Spring Is Here: New Arthritis Challenges, New Solutions

Pattye Snyder Health Guide
  • After some false starts, it looks like spring has finally begun.


    I can’t tell you how happy that makes me.  This past winter, with its bitter weather, has been a learning experience for me.  I have spent the past few years in Africa teaching as a volunteer and enjoying the balmy sub–tropical weather.  But instead I’ve had to spend the past few months imprisoned in my house by the dreary weather and bitter temperatures, not mention all of the snow and ice.


    I hadn’t realized before this what an adverse effect this kind of weather can have on me.  Even in good weather my balance and my walking can be somewhat tenuous, even when I’m using my cane.  Add the true “joy” of attempting to walk on icy surfaces—well, need I say more?  My friends had suggested that I spend the winter finishing the two books I’m writing since I couldn’t go anywhere.  That would have been an awesome plan, except I just couldn’t seem to write on those icy, gray days.

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    As my arthritis progresses — I still don’t know why they call it arthritis, and I’m battling both OA and RA many new challenges are arising. One of my doctors recommended that I start using the whirlpool at our fitness facility; however, she had forgotten that I tend to have high blood pressure and was told to stay out of hot tubs. My physical therapist suggested that I could still enjoy the benefits of this without getting entirely in the tub. She said to sit on the side of the tub and dangle my hands in the hot water while I’m doing the needed exercises for my legs. Gee—I’d never thought of that!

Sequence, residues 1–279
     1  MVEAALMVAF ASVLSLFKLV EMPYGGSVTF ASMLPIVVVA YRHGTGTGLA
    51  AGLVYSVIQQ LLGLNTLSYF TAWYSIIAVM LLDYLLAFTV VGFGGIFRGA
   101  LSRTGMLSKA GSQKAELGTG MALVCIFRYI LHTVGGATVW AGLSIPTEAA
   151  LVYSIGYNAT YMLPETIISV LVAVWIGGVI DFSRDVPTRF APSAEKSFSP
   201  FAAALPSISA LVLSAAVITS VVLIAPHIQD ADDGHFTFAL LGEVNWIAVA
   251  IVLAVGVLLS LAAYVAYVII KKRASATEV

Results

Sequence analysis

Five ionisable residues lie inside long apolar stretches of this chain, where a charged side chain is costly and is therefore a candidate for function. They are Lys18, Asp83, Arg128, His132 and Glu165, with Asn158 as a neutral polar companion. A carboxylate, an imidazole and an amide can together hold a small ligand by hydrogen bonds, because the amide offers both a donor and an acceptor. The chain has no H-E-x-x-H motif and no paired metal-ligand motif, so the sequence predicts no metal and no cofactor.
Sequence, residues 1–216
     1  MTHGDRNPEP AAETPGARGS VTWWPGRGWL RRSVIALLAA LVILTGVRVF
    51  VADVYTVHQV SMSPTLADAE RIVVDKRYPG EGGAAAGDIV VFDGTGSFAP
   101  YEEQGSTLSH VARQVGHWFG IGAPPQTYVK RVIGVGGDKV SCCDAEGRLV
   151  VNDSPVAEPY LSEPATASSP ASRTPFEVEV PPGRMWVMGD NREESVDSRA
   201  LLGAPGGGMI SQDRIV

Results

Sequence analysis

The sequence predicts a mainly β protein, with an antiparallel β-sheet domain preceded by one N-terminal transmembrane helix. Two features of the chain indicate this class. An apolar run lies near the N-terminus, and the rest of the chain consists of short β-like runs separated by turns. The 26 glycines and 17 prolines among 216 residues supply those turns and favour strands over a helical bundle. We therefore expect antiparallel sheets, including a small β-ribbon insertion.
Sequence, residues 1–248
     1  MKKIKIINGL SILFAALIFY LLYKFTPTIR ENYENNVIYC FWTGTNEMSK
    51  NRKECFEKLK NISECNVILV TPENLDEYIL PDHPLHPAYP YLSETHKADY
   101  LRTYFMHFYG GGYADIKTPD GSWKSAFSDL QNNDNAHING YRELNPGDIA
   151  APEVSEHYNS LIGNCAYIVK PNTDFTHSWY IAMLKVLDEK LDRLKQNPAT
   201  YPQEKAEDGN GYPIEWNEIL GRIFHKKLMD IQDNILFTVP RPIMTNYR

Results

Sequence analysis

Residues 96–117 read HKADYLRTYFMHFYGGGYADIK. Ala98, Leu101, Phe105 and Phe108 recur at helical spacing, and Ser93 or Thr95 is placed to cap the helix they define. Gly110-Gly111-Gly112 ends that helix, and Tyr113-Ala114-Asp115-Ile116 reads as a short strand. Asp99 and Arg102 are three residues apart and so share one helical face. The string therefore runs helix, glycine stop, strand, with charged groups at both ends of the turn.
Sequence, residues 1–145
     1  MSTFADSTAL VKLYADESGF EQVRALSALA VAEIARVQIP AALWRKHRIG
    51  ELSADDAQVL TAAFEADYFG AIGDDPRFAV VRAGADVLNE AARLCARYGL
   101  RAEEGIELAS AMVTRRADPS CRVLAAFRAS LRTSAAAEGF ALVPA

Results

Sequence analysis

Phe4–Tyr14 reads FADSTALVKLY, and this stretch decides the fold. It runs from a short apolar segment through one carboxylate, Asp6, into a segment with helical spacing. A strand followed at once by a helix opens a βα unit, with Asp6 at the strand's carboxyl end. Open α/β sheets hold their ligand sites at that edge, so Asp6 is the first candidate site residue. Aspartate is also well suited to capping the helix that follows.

One of my next campaigns is to start contacting the companies that have developed those lovely zip tops on packages of cheese and other foods. I don’t know anyone who can open them the way they’re designed—and certainly not someone with any form of arthritis. I won’t even attempt to open one without scissors or a knife.


    One last thought:  I’ve been hearing a lot in the news about concerns for people with metal artificial joints.  They say more and more problems are being discovered. Of course, since I happen to have nine artificial joints—stainless steel or titanium—I was a touch worried at first. 


    But then I realized how well I’ve done with them.  In fact, when I meet someone new and they find out about my “robot” body, they usually are surprised by how well I can move!


    So, for today, I will remember that while I have arthritis, it doesn’t have me.  A positive attitude can make all the difference.

Published On: April 19, 2013